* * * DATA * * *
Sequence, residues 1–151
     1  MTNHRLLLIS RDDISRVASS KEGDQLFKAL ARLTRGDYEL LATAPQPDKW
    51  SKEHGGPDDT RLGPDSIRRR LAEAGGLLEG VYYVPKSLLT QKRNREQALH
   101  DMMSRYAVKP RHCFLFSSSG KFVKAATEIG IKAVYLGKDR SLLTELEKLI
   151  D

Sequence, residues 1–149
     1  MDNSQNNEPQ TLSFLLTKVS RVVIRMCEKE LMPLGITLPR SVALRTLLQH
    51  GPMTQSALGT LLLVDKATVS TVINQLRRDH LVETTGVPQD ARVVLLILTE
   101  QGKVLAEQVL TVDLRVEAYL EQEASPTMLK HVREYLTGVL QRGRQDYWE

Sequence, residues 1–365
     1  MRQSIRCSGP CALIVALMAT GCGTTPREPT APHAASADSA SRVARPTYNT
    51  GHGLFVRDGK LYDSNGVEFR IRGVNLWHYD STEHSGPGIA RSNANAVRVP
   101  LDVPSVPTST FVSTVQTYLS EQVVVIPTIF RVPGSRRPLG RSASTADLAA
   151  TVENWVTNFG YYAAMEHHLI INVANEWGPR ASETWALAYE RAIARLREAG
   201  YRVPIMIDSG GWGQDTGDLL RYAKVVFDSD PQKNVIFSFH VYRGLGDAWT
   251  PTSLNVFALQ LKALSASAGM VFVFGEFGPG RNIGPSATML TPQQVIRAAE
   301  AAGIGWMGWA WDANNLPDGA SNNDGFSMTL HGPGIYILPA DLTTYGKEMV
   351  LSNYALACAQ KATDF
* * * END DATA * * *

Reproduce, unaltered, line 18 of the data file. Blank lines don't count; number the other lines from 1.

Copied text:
   351  LSNYALACAQ KATDF